~/ $ noctrog


Easy analytical Inverse Kinematics in ROS

One of the most common ways to calculate the inverse kinematics in ROS is through the KDL package. The ‘problem’ with this kind of solvers is that they are numeric, which means they will perform numerical optimization iteratively until a solution (or none) is found. An alternative approach would be to calculate the analytical expression of the Inverse Kinematics. Having a closed form solution means that you’ll be certain to always obtain the exact solutions if they exist. The downside is that the process of obtaining the analytical expression for large kinematic links is complex. IKFast is a script that takes in a URDF and directly outputs library agnostic C++ code that computes the Inverse Kinematics of a specified link.

IKFast is part of the OpenRAVE project, so to use it you’ll have to install it first. OpenRAVE is a robotics framework for motion planning, but it seems to have been abandoned. The ubuntu repository is not working at the time of writing, so the only choice is to install from source. To do so, you must follow these steps (for Ubuntu 16.04):

Download the source code:

$ git clone --branch latest_stable https://github.com/rdiankov/openrave.git

Install required dependencies:

$ sudo apt install libboost-python-dev python-dev python-sympy ipython \
                   python-numpy python-scipy python-pip \
                   libassimp-dev assimp-utils python-pyassimp \
                   libsoqt4-dev

Collada is also required, but it is not on the official repositories, so you’ll have to build it from source:

$ git clone https://github.com/rdiankov/collada-dom.git
$ cd collada-dom && mkdir build && cd build
$ cmake .. && make -j && sudo make install

Then move to the OpenRAVE source’s folder and edit the CMakeLists.txt to disable OPT_MATLAB and OPT_OCTAVE:

option(OPT_OCTAVE "Build octave bindings" OFF)
option(OPT_MATLAB "Build matlab bindings" OFF)

Then, as usual:

$ mkdir build && cd build
$ cmake .. && make && sudo make install

If everything went well, you should be able to open a 3D viewer by keying openrave in a new shell session.

The next step is to transform our existing urdf robot representation to the COLLADA format, since this is the way OpenRAVE works internally. To do so, we will use the convenient collada_urdf ROS nose:

$ roscore && rosun collada_urdf urdf_to_collada robot.urdf robot.dae

In principle, you should be able to visualize your COLLADA robot by opening it with:

$ openrave robot.dae

In my case, no robot was shown but a mesh of triangles. So I opened the file in Blender and it loaded fine.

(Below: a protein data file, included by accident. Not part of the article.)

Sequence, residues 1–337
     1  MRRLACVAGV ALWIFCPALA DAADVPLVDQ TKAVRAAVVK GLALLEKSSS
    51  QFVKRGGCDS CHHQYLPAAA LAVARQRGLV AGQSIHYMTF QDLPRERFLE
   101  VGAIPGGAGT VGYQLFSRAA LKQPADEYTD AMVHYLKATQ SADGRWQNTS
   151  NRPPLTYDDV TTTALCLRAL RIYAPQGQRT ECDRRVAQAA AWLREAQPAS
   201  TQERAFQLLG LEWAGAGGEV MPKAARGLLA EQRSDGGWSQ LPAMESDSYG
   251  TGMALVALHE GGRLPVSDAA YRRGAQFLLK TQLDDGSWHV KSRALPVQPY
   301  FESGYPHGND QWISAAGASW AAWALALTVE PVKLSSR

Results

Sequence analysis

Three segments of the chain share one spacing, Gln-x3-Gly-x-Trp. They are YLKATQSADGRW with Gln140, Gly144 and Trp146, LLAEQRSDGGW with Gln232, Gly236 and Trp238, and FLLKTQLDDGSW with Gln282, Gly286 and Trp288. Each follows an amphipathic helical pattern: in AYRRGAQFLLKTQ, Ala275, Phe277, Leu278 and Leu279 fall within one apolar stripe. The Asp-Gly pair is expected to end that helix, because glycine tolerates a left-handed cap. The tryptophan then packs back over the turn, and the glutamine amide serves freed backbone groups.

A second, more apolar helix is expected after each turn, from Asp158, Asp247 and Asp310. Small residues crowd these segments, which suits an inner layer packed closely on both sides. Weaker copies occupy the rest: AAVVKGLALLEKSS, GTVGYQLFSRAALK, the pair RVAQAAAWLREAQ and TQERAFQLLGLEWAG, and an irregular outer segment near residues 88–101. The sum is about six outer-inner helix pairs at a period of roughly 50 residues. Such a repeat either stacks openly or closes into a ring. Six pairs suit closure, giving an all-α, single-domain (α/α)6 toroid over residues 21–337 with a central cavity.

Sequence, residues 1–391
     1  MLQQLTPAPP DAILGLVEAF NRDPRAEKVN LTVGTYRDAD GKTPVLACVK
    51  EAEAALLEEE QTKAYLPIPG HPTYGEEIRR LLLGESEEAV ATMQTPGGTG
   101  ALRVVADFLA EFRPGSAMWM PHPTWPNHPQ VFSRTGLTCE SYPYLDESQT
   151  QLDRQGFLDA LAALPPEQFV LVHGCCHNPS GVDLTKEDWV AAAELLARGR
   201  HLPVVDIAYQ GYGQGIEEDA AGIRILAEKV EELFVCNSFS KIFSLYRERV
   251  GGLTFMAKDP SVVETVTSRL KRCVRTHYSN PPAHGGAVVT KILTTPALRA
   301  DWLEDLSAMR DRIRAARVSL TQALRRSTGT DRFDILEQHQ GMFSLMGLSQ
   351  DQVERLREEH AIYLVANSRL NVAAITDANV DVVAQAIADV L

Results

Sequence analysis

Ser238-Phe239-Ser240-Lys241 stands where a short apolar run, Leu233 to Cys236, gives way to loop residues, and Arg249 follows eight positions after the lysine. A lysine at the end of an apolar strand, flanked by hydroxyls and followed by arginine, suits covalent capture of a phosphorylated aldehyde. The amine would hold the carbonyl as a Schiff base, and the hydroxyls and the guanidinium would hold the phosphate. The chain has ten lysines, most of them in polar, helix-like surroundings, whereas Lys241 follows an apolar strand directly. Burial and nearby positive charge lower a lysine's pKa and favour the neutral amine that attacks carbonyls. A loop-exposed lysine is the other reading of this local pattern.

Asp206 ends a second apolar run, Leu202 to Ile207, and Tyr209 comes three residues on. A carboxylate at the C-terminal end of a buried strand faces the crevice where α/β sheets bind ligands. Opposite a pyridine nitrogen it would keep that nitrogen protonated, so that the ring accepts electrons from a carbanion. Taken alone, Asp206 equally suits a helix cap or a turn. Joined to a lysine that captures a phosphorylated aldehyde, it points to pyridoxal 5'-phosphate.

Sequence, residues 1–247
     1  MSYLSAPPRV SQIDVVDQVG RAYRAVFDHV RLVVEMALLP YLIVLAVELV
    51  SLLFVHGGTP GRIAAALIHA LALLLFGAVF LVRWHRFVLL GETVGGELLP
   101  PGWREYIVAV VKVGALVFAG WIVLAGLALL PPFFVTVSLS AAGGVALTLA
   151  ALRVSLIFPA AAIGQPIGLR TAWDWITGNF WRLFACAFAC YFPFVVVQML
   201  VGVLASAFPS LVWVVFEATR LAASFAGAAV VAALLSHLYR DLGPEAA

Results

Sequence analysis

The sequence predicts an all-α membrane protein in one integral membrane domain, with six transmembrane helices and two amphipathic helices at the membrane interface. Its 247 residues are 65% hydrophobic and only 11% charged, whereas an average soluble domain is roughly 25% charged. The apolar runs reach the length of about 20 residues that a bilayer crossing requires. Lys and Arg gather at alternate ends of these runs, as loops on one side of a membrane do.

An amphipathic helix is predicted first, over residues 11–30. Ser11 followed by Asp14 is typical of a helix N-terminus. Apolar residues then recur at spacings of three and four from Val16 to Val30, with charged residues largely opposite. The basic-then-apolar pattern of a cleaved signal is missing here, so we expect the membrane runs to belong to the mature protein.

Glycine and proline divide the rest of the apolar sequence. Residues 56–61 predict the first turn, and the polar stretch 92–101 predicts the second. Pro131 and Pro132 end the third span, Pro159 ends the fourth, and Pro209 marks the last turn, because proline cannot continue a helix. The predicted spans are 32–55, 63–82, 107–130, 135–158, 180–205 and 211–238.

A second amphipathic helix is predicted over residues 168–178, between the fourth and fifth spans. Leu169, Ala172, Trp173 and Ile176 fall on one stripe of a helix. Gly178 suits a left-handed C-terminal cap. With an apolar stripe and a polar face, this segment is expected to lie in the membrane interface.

To check the links or joints of your robot, you can run the following commands:

$ openrave-robot.py robot.dae --info joints
$ openrave-robot.py robot.dae --info links

This is useful to check for the IDs of each link/joint, since you will need to know them to specify the kinematic chain on which to compute the inverse kinematics.

Once you know the IDs of the links that form your kinematic chain, execute:

$ python $(openrave-config --python-dir)/openravepy/_openravepy_/ikfast.py \
    --robot=robot.dae --iktype=transform6d --baselink=0 --eelink=7 --savefile=ik.cc

This will generate a pretty ugly source file with all the analytical inverse kinematics solutions. But it needs ikfast.h in order to compile. You can copy it to your current folder with this command:

$ cp /usr/local/lib/python2.7/dist-packages/openravepy/_openravepy_0_9/ikfast.h .

Finally, to compile:

$ g++ ik.cc -o ik

This will generate an executable since ik.cc comes with a main function by default. You can play with some of the defines in the ikfast.h to get what you want (standalone program, static or dynamic library, …).

For my use case, I needed to have two simultaneous and different kinematic chains (for the two legs of a biped robot). Since having the same ikfast.h results in name collisions for more than two kinematic chains, I decided to duplicate the file in ikfast_left.h and ikfast_right.h and put everything within a unique namespace. Also, I enabled these defines: IKFAST_NO_MAIN and IKFAST_HAS_LIBRARY. I also removed the default namespaces. There may have been a better way for solving this but I needed to get things done.

In my case, there were 7 solutions for my 6-DoF legs. I chose the one that made most sense (which turned out to be the third solution for both legs) and after some boilerplate code later, here is the result (github here):

legs

My poor robot is lacking some limbs, but that is an issue for another time.